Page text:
Glyphosate: MEPs call for 'more scientific evidence' before re-authorisation
Czech Republic MEP Pavel Poc has called for "more scientific evidence" before the EU decides whether to re-approve the controversial substance glyphosate.
Member states have failed to approve a limited extension of up to 18 months of the current authorisation of glyphosate, which is used for the production of pesticides.
The proposal failed to get the necessary support at a meeting of the EU standing committee on plants, animals, food and feed on Monday.
The issue has sparked intense debate and, on Tuesday, further reaction to the decision came from Poc, an S&D group member, who told this website, "The Commission has the obligation to take the decision, and it shouldn't be just a technical extension of the existing authorisation.
- EU member states fail to back re-authorisation of glyphosate
- Michèle Rivasi: Lack of EU action on hormone disruptors 'completely criminal'
- Health experts call for more public awareness of European Code Against Cancer
"We need to have more scientific evidence, but until then the Commission is not bringing any real solutions to the existing problem, and it is not respecting the precautionary principle.
"A technical extension is a solution for the Commission, not for the European public. People want safe food and safe environment and this answer will be postponed for 18 more months, which is sad news for us," he said.
Elsewhere, Bart Staes, the Greens/EFA group environment and food safety spokesperson, added, "We applaud those EU governments who are sticking to their guns and are refusing to authorise this controversial toxic herbicide.
"There are clear concerns about the health risks with glyphosate, both as regards it being a carcinogen and an endocrine disruptor. Moreover, glyphosate's devastating impact on biodiversity should have already led to its ban.
"Thankfully, the significant public mobilisation and political opposition to reapproving glyphosate has been taken seriously by key EU governments, who have forced the Commission to back down," said the Belgian MEP.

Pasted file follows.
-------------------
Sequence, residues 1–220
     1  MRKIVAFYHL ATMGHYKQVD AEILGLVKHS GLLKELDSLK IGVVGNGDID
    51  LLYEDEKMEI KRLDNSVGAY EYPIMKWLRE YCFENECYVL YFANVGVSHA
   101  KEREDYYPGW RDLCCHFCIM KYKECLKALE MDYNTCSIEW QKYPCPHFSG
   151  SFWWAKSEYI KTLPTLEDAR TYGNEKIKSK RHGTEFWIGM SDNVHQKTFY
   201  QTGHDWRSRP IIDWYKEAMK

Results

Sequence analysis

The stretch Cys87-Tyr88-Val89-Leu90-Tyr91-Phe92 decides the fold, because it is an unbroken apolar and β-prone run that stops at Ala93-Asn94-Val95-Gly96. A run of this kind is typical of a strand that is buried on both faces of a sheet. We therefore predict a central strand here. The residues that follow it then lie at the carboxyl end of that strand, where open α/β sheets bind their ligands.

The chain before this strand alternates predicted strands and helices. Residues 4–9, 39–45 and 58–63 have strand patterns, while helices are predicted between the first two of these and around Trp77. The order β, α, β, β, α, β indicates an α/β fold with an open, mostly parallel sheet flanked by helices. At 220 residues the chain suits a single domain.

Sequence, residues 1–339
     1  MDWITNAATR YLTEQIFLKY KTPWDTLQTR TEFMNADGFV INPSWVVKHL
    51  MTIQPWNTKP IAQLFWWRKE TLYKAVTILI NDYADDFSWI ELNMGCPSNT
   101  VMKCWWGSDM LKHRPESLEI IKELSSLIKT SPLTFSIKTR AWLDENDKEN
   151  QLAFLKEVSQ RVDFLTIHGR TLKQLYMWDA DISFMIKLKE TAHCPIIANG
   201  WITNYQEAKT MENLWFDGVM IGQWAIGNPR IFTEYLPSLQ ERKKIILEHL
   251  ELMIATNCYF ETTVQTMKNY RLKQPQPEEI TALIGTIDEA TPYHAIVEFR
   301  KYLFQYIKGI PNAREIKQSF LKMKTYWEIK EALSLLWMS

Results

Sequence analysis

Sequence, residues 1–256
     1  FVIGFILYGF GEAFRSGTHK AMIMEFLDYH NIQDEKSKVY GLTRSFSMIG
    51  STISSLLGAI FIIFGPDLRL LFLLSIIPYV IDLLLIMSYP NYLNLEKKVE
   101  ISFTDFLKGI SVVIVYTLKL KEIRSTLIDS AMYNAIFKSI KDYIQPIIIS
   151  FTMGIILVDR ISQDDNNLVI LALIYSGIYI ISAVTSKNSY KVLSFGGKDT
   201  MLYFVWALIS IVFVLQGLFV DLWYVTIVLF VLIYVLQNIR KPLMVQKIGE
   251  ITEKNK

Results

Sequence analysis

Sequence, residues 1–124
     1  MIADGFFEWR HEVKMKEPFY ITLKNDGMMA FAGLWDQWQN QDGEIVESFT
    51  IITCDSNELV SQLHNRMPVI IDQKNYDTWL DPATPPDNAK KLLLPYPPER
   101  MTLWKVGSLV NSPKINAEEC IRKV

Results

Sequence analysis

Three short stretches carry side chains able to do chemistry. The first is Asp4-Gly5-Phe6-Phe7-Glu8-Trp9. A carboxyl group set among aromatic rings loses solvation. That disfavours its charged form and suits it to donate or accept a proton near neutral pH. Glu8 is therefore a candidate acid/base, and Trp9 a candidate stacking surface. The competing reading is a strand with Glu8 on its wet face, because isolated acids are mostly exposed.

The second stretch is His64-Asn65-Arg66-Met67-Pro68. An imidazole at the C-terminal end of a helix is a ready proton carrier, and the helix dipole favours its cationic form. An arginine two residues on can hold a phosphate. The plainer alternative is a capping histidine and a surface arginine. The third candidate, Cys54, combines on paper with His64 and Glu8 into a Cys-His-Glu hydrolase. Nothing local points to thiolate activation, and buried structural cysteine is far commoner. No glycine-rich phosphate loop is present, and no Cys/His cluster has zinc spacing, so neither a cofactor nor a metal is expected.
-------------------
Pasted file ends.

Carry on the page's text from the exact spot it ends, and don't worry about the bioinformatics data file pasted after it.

Fellow Belgian deputy Marc Tarabella, in charge of the protection of European consumers and agriculture for the Socialist group, said "many governments" are reluctant or refuse the use of glyphosate, including France, Germany, Portugal, Italy, Malta, Austria, Luxembourg and Greece.
He said Belgium was a "steadfast defender of the pesticide and the multinational firm that produces it."
Addressing the potential risk to public health, his message is, "You do not mess with the health of 500 million Europeans."
Further comment came from Anna Gatt Seretny, communications manager of European Crop Protection, who said, "This no opinion from the committee is hugely disappointing. We share the sentiment voiced by Commissioner Andriukaitis last week when he said our decisions should remain based on science, not on political convenience.
"We frequently hear politicians proclaim Europe has the safest food safety system in the world: with this decision all they do is cast doubt on that system, and create fear and confusion amongst Europe's consumers: the very people the system is designed to protect.
"Failure to re-approve glyphosate would have significant negative repercussions for the competitiveness of European agriculture, the environment, and the ability of farmers to produce safe and affordable food."
The European Parliament has previously expressed itself in favour of a seven-year renewal.
Parliament wanted a maximum seven-year authorisation period, plus extensive restriction of use.
There is a weak correlation between animal consumption of antibiotics and human resistance, argues Rick Clayton.
A Europe whose political and regulatory framework stimulates the growth of innovation in the animal health sector is a Europe that secures a more sustainable future for all, writes Roxane Feller...
Europe's animal health industry is committed, innovative and resilient, explains IFAH's Roxane...